Race conscious talk as a daily practice: A day with my 11-month old
This is an account of the daily opportunities I have to be race conscious versus “color blind” with my children.
My 11-month-old baby loves ducks. So when he woke up fussy from a two-hour morning nap (on a day my older daughter was in camp), I put him in the baby carrier and left the house with little more than an extra diaper. We headed to the Brooklyn Botanic Garden but we when arrived, the garden was closed. My son had been quacking excitedly during our mile-long walk. Now, not wanting to disappoint him, I plowed on, walking another mile toward the Prospect Park Lake.
We neared the lake, as I assured my sweaty baby, and he pointed vigorously to a couple of statues.
“Those look like they are statues of White men,” I told my baby, as I have been doing since he was an infant. “I’m not sure who they are but most of the statues that were built a long time ago to honor someone for something important they did in history are of White men—but women and people with brown skin also have done lots of important things in history (or we can say herstory!) so it’s not fair that all the statues are of White men.”
“Quack,” my 11-month-old responded, pointing to a bird on top of the statue’s head.
“Ah,” I now understood he was pointing at the bird, not at the statue. “That’s not a duck, that’s a bird. Birds go more like ‘tweet tweet’ not “quack quack.’”
We arrived at the lake and were rewarded with geese, ducks, and two swans before I headed us in the direction of the subway to return home.
On the subway platform, we saw a little girl with brown skin playing with a White superhero figure while waiting for subway.
“That’s a superhero,” I quietly chatted to my baby from 15 feet away. “And I notice that the superhero looks like it’s a man (though it could be a woman with short hair!) and that he has skin we call ‘White’ like us. Most of the super heroes seem to be White men—so it’s just like the statues—it’s unfair because women and people who have brown skin can also be super heroes.”
We got on the subway and saw another little girl who we heard speaking Spanish. She was eating ice cream. The little girl had brown skin and brown eyes and the ice cream popsicle had pink “skin” and blue eyes.
“Look,” I commented to my baby. “Even the ice cream character is “White” (with blue eyes).”
Walking out of our train station, we saw a little boy who was White walking with Buzz Lightyear from Toy Story.
“Amazing,” I told my son. “Another toy with White skin. Most of the toys that are made are White. I want the toys and dolls to look like all of the different children in New York City…when you are bigger, you can help change this by writing letters and telling other people about how unfair this is.”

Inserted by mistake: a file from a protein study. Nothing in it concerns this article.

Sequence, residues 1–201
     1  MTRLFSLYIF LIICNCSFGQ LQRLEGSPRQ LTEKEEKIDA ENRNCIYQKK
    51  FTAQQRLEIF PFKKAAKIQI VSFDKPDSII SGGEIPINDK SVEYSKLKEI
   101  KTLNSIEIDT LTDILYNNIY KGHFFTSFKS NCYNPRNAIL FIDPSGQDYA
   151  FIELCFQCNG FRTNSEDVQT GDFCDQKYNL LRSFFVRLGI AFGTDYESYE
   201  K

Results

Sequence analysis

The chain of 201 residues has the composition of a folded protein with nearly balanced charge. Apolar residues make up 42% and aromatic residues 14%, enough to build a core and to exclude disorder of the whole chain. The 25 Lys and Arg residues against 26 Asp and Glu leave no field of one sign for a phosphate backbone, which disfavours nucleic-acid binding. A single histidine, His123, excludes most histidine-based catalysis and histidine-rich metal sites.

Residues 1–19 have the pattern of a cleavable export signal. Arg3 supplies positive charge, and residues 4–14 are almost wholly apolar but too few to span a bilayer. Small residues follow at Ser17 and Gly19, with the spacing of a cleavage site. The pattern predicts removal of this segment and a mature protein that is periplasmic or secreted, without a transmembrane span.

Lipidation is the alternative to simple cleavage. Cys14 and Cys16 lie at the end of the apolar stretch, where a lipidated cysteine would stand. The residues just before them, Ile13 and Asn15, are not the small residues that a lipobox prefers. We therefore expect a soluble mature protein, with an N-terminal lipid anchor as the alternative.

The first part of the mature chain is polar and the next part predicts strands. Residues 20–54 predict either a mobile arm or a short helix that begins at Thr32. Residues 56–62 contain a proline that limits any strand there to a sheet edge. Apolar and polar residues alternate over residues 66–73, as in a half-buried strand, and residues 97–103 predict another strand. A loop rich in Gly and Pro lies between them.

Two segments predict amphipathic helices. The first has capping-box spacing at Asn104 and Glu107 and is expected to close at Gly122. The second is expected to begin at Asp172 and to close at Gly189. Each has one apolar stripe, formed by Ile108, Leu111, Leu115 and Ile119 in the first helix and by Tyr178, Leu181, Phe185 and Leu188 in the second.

When my daughter was born, I taped over the pictures of the White babies on the two plastic wet wipe boxes that we had near our diaper-changing areas. My rationale was that my White daughter would be exposed to countless images in the media that reflected her skin color and “race” so I wanted the images she saw on the wet wipe boxes to be an opportunity to have her see children with brown skin.
Fast forward four years: the picture of a brown-skinned girl that I had taped over one of the White babies was falling off—and my daughter asked about it.
“When you were a baby, I decided to tape over the White baby on the box because most of the advertisements we see are of White people and that isn’t fair. In New York City we see people who have paler skin we call White, like us, and people who have brown skin who call themselves Black like our friends Lisa and Miro or Indian like our friend Dee, and people who call themselves Asian like your friend Samantha—and I want you and your brother to see all people with all different shades of skin, not just White people.”
Recently, the hinge on the top of the box of wet wipes broke, so I took my children to the pharmacy to buy a box.
“Oh,” my daughter noted. “But the baby on the box is White.”
“True,” I agreed. “The baby has pale skin and is probably White. Most of the advertisements have White people…would you like to cover it with another picture of another baby to make things more fair?”
“Yes,” she agreed.
Every day, every hour, I make a choice to be race conscious for my children.
Sachi Feris is a blogger at Raising Race Conscious Children, an online a resource to support adults who are trying to talk about race with young children. Sachi also co-facilitates interactive workshops/webinars, small group workshop series, and individual consultations on how to talk about race with young children. Sachi currently teaches Spanish to Kindergarten and 1st grade at an independent school in Brooklyn. Sachi identifies as White and is a mother to a four-year-old daughter and almost one-year-old son.